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Protein metalation in biology

Foster, Andrew W. and Young, Tessa R. and Chivers, Peter T. and Robinson, Nigel J. (2022) 'Protein metalation in biology.', Current Opinion in Chemical Biology, 66 . p. 102095.


Inorganic metals supplement the chemical repertoire of organic molecules, especially proteins. This requires the correct metals to associate with proteins at metalation. Protein mismetalation typically occurs when excesses of unbound metals compete for a binding site ex vivo. However, in biology, excesses of metal-binding sites typically compete for limiting amounts of exchangeable metals. Here, we summarise mechanisms of metal homeostasis that sustain optimal metal availabilities in biology. We describe recent progress to understand metalation by comparing the strength of metal binding to a protein versus the strength of binding to competing sites inside cells.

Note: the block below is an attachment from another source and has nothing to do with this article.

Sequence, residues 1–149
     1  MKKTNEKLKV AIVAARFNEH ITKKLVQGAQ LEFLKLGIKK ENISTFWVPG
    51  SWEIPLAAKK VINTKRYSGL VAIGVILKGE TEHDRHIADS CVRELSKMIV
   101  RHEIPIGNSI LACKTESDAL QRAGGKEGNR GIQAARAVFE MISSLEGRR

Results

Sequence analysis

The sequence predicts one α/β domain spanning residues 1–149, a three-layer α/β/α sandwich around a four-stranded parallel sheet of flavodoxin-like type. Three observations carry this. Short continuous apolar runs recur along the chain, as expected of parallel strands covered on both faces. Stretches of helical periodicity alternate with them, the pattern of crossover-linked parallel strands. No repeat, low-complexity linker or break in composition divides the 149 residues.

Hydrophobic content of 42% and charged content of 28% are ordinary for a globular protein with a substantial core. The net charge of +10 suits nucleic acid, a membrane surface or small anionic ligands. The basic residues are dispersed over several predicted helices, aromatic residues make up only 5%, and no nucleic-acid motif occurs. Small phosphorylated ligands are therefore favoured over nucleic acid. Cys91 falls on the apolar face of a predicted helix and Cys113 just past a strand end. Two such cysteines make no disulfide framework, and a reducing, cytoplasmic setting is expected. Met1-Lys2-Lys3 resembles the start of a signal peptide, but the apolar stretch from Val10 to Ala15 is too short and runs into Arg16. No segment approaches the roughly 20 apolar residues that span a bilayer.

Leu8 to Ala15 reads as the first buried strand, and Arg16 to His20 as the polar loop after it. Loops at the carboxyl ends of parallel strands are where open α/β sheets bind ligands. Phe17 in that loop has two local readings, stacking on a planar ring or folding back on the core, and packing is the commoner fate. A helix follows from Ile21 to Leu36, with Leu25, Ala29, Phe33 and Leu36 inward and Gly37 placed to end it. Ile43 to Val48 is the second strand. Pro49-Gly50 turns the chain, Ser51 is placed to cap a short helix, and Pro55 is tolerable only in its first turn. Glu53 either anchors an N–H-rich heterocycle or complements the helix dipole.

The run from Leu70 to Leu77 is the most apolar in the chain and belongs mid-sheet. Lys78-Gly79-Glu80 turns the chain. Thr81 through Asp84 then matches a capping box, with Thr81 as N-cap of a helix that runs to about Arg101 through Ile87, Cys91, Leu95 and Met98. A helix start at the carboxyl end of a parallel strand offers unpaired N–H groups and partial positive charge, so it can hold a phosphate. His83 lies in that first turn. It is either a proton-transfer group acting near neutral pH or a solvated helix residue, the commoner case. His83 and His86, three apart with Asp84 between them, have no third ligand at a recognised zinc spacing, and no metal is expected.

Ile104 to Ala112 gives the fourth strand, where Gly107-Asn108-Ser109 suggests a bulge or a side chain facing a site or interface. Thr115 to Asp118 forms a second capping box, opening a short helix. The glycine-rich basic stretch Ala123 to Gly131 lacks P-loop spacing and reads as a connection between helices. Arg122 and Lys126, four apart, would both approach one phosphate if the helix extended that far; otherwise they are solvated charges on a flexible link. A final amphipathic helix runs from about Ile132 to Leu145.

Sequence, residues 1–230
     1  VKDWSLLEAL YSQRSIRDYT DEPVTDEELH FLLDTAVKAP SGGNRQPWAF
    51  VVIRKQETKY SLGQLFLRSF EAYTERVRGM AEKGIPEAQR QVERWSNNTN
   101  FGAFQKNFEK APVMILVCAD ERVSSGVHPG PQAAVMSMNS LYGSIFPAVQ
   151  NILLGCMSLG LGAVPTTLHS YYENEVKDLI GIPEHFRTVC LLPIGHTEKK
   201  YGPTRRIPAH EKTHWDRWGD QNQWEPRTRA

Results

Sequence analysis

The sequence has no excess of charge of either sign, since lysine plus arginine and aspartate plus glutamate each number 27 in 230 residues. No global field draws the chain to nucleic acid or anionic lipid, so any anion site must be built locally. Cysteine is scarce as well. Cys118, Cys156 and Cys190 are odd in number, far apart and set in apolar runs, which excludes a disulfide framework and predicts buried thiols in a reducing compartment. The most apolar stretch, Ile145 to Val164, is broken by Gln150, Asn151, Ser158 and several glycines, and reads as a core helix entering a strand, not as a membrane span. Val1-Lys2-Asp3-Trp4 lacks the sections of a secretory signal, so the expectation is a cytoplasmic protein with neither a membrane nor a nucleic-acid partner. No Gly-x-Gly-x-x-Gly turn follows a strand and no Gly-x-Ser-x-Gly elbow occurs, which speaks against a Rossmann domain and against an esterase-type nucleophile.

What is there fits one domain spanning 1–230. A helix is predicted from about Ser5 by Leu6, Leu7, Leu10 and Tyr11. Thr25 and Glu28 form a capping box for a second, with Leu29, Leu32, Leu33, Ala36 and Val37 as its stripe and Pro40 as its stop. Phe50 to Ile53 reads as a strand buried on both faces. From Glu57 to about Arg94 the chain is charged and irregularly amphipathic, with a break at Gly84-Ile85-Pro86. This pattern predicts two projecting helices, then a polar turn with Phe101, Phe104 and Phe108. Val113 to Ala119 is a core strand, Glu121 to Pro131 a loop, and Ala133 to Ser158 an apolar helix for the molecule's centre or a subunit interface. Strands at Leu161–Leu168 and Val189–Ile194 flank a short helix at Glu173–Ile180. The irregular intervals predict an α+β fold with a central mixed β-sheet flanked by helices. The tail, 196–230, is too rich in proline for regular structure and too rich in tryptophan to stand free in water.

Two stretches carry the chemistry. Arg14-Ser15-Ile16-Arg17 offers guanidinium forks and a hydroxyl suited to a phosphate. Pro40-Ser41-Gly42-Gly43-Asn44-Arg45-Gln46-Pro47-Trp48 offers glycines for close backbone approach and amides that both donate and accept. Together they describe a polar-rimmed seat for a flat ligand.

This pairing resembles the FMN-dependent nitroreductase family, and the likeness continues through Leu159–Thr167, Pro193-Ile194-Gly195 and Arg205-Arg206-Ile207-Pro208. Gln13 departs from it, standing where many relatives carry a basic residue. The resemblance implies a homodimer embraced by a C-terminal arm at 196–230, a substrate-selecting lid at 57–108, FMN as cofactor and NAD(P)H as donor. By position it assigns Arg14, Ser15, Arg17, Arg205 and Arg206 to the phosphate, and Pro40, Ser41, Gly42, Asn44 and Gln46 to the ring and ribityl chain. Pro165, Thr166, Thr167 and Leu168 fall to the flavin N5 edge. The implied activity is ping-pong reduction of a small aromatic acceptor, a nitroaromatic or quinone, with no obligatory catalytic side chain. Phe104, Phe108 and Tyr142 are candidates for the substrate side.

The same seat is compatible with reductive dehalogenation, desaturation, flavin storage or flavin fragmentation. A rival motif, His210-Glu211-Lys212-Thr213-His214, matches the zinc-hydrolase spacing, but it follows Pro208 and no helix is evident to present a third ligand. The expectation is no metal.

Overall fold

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Publisher statement:© 2021 The Authors. Published by Elsevier Ltd. This is an open access article under the CC BY license (
Date accepted:No date available
Date deposited:07 December 2021
Date of first online publication:08 November 2021
Date first made open access:07 December 2021

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